The sheer physical process of collage — selecting, cutting, pasting — makes it surprising that these works embody the spontaneity that some of the drawings lack. Hans Bellmer’s collage presents torn bits of newspaper and pen work showing a woman’s face, bustling dresses, and a stocking-clad leg. Initially, the effect is that of an accident, as if someone doodled on desktop scraps. On closer inspection, though, we see the newspaper fragment is plausibly shaped like a woman’s body, a dancer caught in mid-leap. The off-handedness is merely a ploy, but that such intentionality only heightens, via contrast, the appearance of chaos, the sense of the uncanny at play.

A graphite frottage (a drawing medium is rubbed on paper placed over an articulated surface) by Max Ernst, “Quand la lumière la roué” (“When Light Cartwheels”) has a dreamlike quality that owes to the vagueness of line and the way the image “emerges” from the paper. (Shown only in the catalogue.) The image of a machine part, a wheel of sorts, is poised somewhere between rising and receding — an apt analogue for the waking state. Ernst considered frottage a “real equivalent of … automatic writing” and he described himself as a “spectator” during the creation of the work. The pressure applied, the vigor of the rubbing, the direction in which it was done — these actions that have more in common with scrubbing a floor than painting a Madonna might very well be more open to behavioral and physiological impulses, if not some deeper mental realm.

The collage cadaver exquis done by Breton, Yves Tanguy, and Jacqueline Lamba is no less entertaining for looking like a stereotypical Surrealist image: The legs of a Renaissance painting figure prance on a scale, even as his or her torso and head have been replaced by a coiled mechanism, shoes, arms, birds, a carrot, with the whole teetering assemblage topped by an upside-down hot air balloon. In the year of its creation (1938) the collage was no doubt seen as improbable, baffling, even comedic. But decades hence, the improbable has long been assimilated into the colloquial visual vocabulary. Whether in music videos, TV ads, or on billboards, you can easily find visual concatenations more scrambled and more inventively so than anything Breton et al. could have cobbled together. The logos and graphics for any NFL broadcast share the kinetic energy and unpredictable mutability of the best art in this show.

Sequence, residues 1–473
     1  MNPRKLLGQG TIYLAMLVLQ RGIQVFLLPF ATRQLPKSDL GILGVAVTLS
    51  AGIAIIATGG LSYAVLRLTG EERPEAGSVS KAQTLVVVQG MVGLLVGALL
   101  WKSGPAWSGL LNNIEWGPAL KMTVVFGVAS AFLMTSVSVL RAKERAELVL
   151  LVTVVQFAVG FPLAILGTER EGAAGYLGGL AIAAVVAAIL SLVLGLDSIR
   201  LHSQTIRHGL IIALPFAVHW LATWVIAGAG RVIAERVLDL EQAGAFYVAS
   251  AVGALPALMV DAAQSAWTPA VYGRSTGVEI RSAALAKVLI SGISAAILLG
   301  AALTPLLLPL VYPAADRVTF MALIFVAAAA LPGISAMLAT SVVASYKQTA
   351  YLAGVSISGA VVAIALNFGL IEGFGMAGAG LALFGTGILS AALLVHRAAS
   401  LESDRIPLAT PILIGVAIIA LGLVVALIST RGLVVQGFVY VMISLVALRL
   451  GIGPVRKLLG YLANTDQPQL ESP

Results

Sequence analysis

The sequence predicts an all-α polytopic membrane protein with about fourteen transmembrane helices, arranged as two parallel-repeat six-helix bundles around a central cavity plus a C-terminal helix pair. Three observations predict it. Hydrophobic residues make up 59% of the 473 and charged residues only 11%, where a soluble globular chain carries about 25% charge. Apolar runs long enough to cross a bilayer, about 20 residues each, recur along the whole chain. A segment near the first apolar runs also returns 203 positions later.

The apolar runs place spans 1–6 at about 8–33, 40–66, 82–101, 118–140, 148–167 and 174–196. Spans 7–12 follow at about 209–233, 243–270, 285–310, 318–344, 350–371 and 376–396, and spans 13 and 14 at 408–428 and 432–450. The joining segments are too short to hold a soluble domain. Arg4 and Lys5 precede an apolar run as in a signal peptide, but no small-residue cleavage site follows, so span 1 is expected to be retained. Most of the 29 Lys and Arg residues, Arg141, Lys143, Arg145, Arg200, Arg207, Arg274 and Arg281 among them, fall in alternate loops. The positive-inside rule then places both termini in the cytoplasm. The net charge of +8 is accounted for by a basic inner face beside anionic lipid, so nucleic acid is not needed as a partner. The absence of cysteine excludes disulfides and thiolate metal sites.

Of course, these contemporary images are expressly designed to serve commercial purposes—they attract the eye in the hope of opening the purse. In doing so, one wonders if at last the Surrealist impulse is accomplishing its originators’ intention: by activating our acquisitive impulse the unconscious is truly being tapped.

Drawing Surrealism continues at the Morgan Library & Museum (225 Madison Avenue, Midtown, Manhattan) through April 21.

Albert Mobilio is a poet, critic, and an editor at Hyperallergic. He is the recipient of an Andy Warhol Arts Writers Grant, MacDowell Fellowship, Whiting Award, and the National Book Critics Circle award...

2 replies on “Automatic Transmission: Drawing Surrealism”

  1. “Holding angel wings, tearing the feathers until the quill becomes my tool and I write words of plaster that make death seem a womb.”. 3d automatic creativity with prlmal interpretation is possible. The world is not flat!

  2. Wow! Those are fantastic work of art! I love the first drawing because it’s very artistic of combining two different faces. The second picture also is nice. Having a girl and a different person hiding it’s cape. -